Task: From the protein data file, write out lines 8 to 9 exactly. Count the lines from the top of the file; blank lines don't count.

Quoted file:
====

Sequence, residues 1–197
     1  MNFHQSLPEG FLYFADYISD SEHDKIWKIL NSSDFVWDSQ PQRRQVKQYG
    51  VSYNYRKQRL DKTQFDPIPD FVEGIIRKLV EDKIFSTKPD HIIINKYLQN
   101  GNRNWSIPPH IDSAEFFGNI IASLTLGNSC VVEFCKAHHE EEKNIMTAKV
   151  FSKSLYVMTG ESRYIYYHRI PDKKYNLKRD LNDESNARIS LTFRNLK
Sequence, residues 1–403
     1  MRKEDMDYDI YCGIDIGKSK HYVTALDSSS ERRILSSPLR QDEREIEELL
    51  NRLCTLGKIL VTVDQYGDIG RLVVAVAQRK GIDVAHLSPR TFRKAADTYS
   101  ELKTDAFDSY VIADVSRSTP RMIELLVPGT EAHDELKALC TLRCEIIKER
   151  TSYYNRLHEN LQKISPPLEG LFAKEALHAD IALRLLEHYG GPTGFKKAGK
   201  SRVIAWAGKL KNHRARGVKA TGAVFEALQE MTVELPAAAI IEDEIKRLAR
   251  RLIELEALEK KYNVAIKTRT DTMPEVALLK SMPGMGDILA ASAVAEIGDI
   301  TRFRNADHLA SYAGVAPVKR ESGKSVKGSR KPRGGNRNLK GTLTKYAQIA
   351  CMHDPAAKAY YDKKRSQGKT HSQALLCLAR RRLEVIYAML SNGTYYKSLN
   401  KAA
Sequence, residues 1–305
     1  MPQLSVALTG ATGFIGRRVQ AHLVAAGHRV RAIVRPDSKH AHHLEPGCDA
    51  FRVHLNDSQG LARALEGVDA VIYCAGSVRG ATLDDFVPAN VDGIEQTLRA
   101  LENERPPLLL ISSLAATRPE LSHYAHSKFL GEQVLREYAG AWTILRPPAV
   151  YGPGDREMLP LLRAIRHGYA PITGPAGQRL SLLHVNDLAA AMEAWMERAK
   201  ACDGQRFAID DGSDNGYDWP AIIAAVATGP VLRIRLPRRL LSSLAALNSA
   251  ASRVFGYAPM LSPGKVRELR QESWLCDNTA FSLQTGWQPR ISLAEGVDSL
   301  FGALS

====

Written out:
    51  NRLCTLGKIL VTVDQYGDIG RLVVAVAQRK GIDVAHLSPR TFRKAADTYS
   101  ELKTDAFDSY VIADVSRSTP RMIELLVPGT EAHDELKALC TLRCEIIKER